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Public Invited To Christmas Carol Sing At UConn Hartford Campus

Late Tuesday afternoon, a little bit of Old Hartford will be revived downtown, with a carol sing on the majestic steps of the UConn Hartford campus on Prospect Street.

For years in the 1960s and ’70s, Christmas carol sings were held at that location, when the elegant Beaux Arts building was the headquarters of the Hartford Times newspaper. Since the paper folded in 1976, the building has withered, until UConn revived it this year.

Ronna Reynolds, executive vice president of Bushnell Center for the Performing Arts, grew up in Glastonbury. She vividly remembers childhood Christmastime excursions into Hartford with her parents: lights, trees, decorated windows and Santa at G. Fox, and the people singing on Prospect Street.

“We walked from G. Fox to the Times building, where there was an enormous crowd of people,” Reynolds said. “I can remember the feelings that I had: being part of a very large community, being part of a very large sound made by the collective voices of the group

“But mostly what I recall was the incredible visual spectacle of the facade of the Hartford Times building,” Reynolds said. “I remember the very large Christmas trees that were lit. I especially remember the very large impressive pillars that were garlanded and lit.”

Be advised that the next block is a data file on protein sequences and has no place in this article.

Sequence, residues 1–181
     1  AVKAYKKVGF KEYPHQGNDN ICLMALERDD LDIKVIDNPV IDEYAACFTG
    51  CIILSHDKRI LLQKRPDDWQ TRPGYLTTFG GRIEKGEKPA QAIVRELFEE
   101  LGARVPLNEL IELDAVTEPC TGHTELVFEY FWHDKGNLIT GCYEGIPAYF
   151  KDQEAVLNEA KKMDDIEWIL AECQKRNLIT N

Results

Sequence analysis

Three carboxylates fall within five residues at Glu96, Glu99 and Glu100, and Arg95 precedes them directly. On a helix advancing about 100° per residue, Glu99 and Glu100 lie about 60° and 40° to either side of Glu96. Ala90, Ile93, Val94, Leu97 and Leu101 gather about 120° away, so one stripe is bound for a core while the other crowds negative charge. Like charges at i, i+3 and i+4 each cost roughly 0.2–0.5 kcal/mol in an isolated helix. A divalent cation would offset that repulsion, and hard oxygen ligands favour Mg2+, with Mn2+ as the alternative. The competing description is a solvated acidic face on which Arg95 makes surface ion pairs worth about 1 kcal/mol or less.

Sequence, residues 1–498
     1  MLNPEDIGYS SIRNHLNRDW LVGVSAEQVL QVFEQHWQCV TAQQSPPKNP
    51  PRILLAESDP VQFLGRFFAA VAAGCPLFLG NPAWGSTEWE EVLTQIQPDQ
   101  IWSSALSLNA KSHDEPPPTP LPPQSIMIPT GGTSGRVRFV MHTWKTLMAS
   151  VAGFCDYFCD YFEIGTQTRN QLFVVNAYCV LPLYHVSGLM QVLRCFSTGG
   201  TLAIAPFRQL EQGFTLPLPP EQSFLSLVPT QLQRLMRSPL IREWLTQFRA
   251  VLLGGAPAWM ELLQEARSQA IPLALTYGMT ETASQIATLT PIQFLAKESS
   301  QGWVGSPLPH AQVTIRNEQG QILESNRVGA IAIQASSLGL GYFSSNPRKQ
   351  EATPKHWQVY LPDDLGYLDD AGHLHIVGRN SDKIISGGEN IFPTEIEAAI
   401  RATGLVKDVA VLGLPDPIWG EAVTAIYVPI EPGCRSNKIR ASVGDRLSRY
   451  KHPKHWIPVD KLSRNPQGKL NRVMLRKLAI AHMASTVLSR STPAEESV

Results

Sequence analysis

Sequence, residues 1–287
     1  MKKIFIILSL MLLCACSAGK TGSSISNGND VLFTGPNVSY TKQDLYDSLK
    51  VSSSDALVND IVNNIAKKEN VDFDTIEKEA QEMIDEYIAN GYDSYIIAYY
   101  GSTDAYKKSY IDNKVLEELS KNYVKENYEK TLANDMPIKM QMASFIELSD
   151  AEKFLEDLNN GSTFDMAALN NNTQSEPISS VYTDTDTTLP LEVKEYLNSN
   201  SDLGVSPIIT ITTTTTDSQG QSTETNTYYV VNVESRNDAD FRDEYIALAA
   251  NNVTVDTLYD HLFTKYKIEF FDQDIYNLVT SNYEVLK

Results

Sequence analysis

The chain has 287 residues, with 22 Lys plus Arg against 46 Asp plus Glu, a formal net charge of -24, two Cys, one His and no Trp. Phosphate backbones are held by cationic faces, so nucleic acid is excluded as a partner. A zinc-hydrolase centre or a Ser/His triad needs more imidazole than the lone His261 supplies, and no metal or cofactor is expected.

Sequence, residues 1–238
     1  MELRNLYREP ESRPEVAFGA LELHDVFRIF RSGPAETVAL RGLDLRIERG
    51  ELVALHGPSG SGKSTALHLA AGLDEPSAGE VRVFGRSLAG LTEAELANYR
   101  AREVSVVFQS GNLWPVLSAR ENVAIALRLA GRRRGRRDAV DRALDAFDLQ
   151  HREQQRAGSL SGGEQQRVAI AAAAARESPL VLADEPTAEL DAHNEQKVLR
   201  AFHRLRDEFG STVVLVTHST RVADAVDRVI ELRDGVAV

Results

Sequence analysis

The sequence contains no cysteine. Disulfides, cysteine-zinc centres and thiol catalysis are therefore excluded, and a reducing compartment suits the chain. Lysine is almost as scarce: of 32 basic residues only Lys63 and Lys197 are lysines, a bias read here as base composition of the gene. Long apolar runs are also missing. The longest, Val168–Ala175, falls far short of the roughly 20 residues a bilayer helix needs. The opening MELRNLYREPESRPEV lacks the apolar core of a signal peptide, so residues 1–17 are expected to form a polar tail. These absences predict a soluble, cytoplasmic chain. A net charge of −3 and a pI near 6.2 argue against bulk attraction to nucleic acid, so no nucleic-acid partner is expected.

iQuilt, the local initiative to encourage downtown visitation, is organizing the “Back to the Times Carol Sing.” Jackie Gorsky Mandyck of iQuilt said the event will begin with instrumental holiday music at 5 p.m., then the singing will begin. Anyone who wants to participate can come and join in.

The choirmaster is Steve Mitchell, who is the director of choral music at Kingswood Oxford school. The emcee for the evening is Susan Campbell, a former Hartford Courant staff writer and a professor at University of New Haven.

Mitchell said they will use carol books from back in the old days of carol singing, with some more contemporary tunes thrown in. He said the singing should end around 6, when the road will be re-opened to traffic.

“We’ll get a good 20 minutes of happiness,” he said.

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